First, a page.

While Falkiner plans to head for Melbourne next year and set up his own practice, others have been bitten by the academic bug.
Alyssa Beckwith is a young woman inspired by her educational experience at Unitec - after creating three haunting, melting, saturated orange self-portraits from a series Slip acrylic and oil on canvas.
Her goal is to pursue a career in education - after being captivated by the artistic experience.
“It’s great - I have a space in the facility which I love. The light is great, the view .. and just like technically - it lets me carry on with my space without encroaching on others.”
Beckwith is certain the new facility will change the landscape for contemporary art students. “It’s going to be huge. It already has been huge, having this space - the openness compared to our old buildings, more about collaboration and relationship with your peers, the way we bounce ideas off each other.
“Everyone's mood is lifted here and I think that’s an important part of this process in getting a degree .. that’s how you grow, right?”
Erin Gosselman - whose spooky, otherworldly photographic images produced Phantasmagoria: Belly - found the new facility allowed her to finish her degree with a flourish after transferring from another institution.
“This space has really helped. I’m thinking of coming back and doing my masters .. when I take a gap year. I want to do teaching as well.”
West Aucklander Damen Dooms was another student to make full use of what he had to work with under the expert guidance of Academic Programme Manager Dr Bobby Hung and fellow leaders Dr Cris de Groot and Emma Smith. He commanded one of the gallery walls with three huge, captivating prints of young men showing intense natural emotions, having taken advantage of the dark room and advanced printing rooms on the first floor.
Byrnes adds part of what makes Building 108 stand out is its extensive array of such learning, practical, dedicated and technical spaces.
“We’ve got one of the few ceramics spaces locally in here … it’s extraordinary we’ve still got that and the photography dark room .. a lot of these ‘old school’ practical spaces have been jettisoned out of institutions. We are grateful to have them.”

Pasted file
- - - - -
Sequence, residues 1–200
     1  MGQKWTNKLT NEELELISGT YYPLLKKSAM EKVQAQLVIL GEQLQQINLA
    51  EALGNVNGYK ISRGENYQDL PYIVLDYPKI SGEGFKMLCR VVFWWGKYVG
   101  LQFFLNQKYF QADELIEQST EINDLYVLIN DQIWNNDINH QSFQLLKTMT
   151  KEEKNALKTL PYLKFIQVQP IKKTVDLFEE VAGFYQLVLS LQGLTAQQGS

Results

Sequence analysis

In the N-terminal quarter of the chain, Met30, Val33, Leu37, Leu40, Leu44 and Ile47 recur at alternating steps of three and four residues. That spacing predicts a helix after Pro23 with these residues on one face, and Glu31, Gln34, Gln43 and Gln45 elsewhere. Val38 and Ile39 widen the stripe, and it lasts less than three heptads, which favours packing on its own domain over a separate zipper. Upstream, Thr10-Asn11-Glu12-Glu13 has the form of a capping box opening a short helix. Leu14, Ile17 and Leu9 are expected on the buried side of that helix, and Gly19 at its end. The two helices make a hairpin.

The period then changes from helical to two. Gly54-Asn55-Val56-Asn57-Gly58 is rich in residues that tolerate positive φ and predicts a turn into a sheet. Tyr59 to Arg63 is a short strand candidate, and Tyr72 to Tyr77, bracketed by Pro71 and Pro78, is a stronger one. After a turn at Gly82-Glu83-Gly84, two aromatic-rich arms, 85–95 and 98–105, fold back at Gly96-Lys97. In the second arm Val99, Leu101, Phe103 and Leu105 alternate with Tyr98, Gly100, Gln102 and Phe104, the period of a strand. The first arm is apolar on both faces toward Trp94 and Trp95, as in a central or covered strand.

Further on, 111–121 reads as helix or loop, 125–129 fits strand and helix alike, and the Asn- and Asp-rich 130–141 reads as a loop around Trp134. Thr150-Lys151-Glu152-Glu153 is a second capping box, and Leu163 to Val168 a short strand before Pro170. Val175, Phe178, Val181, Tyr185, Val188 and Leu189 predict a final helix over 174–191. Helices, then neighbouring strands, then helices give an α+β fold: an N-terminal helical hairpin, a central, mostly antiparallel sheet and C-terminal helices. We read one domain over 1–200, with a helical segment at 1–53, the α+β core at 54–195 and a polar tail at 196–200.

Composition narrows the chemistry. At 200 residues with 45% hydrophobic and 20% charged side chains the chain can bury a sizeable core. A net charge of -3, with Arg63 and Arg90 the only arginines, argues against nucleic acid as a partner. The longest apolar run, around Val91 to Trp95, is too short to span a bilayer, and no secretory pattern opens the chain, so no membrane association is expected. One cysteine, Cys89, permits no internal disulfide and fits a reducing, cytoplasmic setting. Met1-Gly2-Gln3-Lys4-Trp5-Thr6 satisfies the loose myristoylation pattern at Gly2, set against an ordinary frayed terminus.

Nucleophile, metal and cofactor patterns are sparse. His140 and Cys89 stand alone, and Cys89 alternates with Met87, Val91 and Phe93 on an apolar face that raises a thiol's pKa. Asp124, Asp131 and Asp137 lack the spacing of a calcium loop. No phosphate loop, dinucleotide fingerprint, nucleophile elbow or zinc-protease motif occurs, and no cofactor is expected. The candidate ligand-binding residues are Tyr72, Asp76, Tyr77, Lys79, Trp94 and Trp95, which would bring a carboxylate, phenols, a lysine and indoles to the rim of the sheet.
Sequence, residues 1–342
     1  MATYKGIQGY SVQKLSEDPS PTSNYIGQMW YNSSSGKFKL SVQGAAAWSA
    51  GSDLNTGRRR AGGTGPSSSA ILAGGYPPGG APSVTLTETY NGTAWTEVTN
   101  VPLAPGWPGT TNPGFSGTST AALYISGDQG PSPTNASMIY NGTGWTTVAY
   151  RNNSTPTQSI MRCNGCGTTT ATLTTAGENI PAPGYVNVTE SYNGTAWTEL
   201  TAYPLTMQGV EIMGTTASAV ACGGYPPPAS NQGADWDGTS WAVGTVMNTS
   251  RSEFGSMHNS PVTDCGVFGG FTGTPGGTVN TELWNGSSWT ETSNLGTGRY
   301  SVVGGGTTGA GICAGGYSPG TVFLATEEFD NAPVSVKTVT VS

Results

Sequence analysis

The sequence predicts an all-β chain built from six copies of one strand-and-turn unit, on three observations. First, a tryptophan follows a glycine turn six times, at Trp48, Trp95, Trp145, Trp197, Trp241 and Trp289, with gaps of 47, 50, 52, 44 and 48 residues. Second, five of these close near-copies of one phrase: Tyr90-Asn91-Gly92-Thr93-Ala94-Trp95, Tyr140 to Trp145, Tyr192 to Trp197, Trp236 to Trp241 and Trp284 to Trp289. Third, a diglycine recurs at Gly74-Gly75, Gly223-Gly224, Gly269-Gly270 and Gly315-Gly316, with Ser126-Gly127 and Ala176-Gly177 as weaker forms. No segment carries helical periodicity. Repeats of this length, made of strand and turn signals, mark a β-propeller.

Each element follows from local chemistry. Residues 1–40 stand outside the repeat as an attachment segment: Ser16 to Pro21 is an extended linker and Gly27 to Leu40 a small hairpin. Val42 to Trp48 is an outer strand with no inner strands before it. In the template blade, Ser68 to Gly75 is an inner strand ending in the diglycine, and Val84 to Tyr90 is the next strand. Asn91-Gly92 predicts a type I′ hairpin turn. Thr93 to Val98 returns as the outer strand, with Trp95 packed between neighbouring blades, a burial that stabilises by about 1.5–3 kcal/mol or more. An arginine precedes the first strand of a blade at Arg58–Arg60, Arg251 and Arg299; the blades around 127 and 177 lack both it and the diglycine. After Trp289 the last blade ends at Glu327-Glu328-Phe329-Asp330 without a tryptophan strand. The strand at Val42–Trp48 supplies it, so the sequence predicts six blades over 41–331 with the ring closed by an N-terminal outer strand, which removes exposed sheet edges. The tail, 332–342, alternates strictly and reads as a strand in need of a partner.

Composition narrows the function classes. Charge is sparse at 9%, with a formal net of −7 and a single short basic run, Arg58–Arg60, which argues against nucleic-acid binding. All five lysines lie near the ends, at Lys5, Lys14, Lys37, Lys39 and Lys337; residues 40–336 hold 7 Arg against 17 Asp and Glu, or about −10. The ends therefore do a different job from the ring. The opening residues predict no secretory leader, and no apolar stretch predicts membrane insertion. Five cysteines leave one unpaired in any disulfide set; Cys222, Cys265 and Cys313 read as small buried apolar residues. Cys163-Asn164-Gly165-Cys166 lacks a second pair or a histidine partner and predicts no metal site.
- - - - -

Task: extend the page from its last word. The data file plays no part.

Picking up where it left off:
Former cabinet minister Peseta Sam Lotu-Iiga is Te Pūkenga Executive Director Rohe 1 - which covers polytechnics, industry training organisations and institutes of technology in Auckland and Northland - and he sees a tangible return for the facility’s multi-million dollar outlay.
“For us, it’s an investment and it’s about people. We need a base for creative arts and the talents we have.
“We’ve got a shortage of these types of facilities. When you look over the last ten or so years .. we’ve seen a contraction in the offerings. We’re looking at our opportunities.”
Lotu-Iiga is also looking at competition with other tertiary organisations.
“Buildings are only one piece of it. This is part of a bigger, wider drive to educate, to do it in a way that actually reflects the community but also in a way that’s welcoming and warm.
“It’s the people, it’s the culture - certainly, my vision is that it should lead to that creative job.”
With the range of facilities and - importantly - the room to move and grow, Unitec is well-placed to be a leading choice for creatives throughout Tāmaki Makaurau and the northern region.